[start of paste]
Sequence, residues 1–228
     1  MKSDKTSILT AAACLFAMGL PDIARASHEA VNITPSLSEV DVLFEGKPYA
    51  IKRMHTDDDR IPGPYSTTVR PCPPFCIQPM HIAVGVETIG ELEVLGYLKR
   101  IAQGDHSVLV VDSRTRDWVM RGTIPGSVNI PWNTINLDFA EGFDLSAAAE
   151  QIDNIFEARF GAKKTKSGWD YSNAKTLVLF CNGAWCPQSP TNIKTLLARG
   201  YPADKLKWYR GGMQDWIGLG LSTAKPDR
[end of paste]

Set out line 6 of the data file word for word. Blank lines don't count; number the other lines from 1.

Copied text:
   201  YPADKLKWYR GGMQDWIGLG LSTAKPDR